Corn, considered both a grain and a vegetable, has a long history dating back to ancient times. It was a staple in the Mayan, Aztec, and Inca civilizations — to name just a few of the most famous and oldest.
In the present day, around 500 million kilograms are consumed in the U.S. every year, making it one of the most popular snack food by volume in the country.
Many studies have shed light on the multiple health benefits as well as the side effects of this snack.
A usual large pack of popcorn (280g) available at some cinemas is coming with a total of 1512 calories, 22 grams of protein, and 104 grams of fat.
Furthermore, a 2009 report by CSPI established that a medium-sized popcorn at a popular movie theater had 1,200 calories and 60 grams of saturated fat.
A large bucket of salted cinema popcorn contains 3g of salt (half of the recommended daily intake). The overconsumption of salt is becoming increasingly usual in the American diet which ultimately leads to high blood pressure. The effect is stronger in people who already have high blood pressure.
Prolonged high blood pressure raises the chance of heart disease, stroke, heart failure, and kidney disease. Another adverse effect of intaking too much salt is edema, which occurs when the body retains an excess of fluid in an attempt to balance out the extra sodium.
Saturated and Trans Fats
Many brands of microwave popcorn are made using partially-hydrogenated or hydrogenated oils (because they are more shelf-stable), that contain harmful trans fats (a large pack contains on average 29 grams of trans fats).
Studies have associated the consumption of trans fats to an increased risk of heart disease and other chronical diseases, such as type 2 diabetes.
In addition, a diet rich in trans fats causes a redistribution of fat tissue into the abdomen and leads to higher body weight.
Most bags of popcorn have a few unpopped kernels, and those hard pieces can chip and crack teeth.
Teeth frequently break when in the process of eating something thought to be soft, an unexpected hard object is encountered and the force of impact overcomes a tooth’s integrity.
Additionally, kernels can get stuck between teeth causing gum irritation. Eat small amounts at a time and don’t eat hard unpopped kernels.
Microwave popcorn bags are usually lined with perfluorooctanoic acid, also known as PFOA, which is a toxic substance labeled as a human carcinogen.
PFOA is also strongly implicated in thyroid problems, endocrine disruption, ADHD, a higher risk of cardiovascular disease, autoimmune disorders, and low birth weight.
Inhaling this chemical has been strongly associated with severe obstructive lung disease, according to research done by the Centers for Disease Control.
Diacetyl is both an artificial substance used to lend a buttery flavor to foods like chips, margarine, and popcorn and a substance found in beer, butter, and other fermented foods.
In 2004, CDC reported a few cases of bronchiolitis obliterans (an inflammatory obstruction of bronchioles) in workers in a microwave popcorn plant in Missouri. This chemical is also added by some e-cigarette companies to complement flavorings such as maple, vanilla, coconut and more.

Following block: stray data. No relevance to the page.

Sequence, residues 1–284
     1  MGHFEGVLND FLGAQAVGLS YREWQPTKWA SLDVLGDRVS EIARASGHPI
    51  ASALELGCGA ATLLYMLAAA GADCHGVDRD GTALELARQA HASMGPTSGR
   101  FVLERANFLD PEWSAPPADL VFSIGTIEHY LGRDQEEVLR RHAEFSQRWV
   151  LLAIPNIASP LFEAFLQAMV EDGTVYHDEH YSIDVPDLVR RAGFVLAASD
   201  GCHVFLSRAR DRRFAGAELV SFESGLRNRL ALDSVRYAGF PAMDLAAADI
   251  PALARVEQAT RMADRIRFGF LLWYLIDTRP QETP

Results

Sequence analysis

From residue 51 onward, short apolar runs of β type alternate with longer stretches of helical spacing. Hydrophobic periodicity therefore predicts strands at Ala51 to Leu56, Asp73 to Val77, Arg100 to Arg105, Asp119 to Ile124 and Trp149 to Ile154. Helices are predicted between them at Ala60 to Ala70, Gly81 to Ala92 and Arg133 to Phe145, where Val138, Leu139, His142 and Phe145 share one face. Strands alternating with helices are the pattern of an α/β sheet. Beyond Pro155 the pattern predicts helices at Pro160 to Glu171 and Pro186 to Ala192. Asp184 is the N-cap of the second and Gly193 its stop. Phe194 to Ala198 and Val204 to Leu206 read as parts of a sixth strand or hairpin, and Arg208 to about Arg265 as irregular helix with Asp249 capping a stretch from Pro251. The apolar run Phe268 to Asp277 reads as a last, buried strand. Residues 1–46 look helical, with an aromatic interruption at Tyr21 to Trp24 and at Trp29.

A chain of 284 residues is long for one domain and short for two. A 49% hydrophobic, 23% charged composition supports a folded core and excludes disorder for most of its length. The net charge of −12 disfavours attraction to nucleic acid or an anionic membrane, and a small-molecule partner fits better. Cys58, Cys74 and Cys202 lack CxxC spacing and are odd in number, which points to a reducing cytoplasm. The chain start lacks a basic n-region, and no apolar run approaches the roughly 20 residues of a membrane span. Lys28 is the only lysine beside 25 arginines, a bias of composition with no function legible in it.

Propyl Gallate is an artificial food additive (to keep the oil from going rancid during storage), that is also used in pharmaceuticals and cosmetics.
According to a 2009 study at the Department of General and Inorganic Chemistry, University of Parma, Italy, this compound is a mild endocrine disruptor even at very low concentrations.
TBHQ (or tertiary butylhydroquinone) is used in many foods, ranging from crisps to crackers and other fast foods.
TBHQ is used to greatly extend the storage life of foods and delay the onset of rancidness. Side effects include DNA damage, vomiting, nausea, tinnitus, collapse, delirium and an increased risk of stomach cancer.
Popcorn is a potentially dangerous food that should not be fed to children under the age of 3, according to the National Institutes of Health.
More importantly, corn that is not sprouted or soaked prior to cooking contains lectins and phytic acid that can inflame digestion if ingested to excess.
If you cook it properly and choose the right variety, this snack can be relatively nutritious and provide a valuable source of fiber and antioxidants, such as polyphenols that have numerous health benefits and are responsible for protecting the body from various dangerous conditions and diseases.
In addition, this snack contains ferulic acid that’s also found in rice, beans, corn, wheat, or barley.
Ferulic acid has multiple beneficial effects, such as – protection against type 2 Diabetes Mellitus, cancer, cardiovascular and neurodegenerative diseases due to its powerful anti-inflammatory and antioxidant properties.
Consider buying organic popcorn, which is not genetically modified and will not have pesticide residues common to conventionally grown corn. Corn is a crop that is heavily covered in insecticides, pesticides, herbicides, fungicides, and fertilizers, plus there is no mandatory labeling of GMOs in the U.S.
Stay away from highly processed oils, such as canola oil, soybean oil, and vegetable oil. The best oil choice for making your organic homemade popcorn is organic virgin olive oil.
In addition, stay clear of microwaveable varieties.
Healthy Popcorn Recipe
Start with organic popping corn, then top with organic olive oil and unrefined sea salt. A healthier method to prepare this snack would be to air-pop the popcorn in an air popper.
Additional flavors can be added, such as black pepper, fresh lemon or lime zest, paprika, herbs such as chives, basil, and parsley.
Microwave popcorn is convenient, but it has its adverse effects, even if you choose the low-fat varieties. Even though homemade popcorn is a healthy snack choice, don’t overdo it.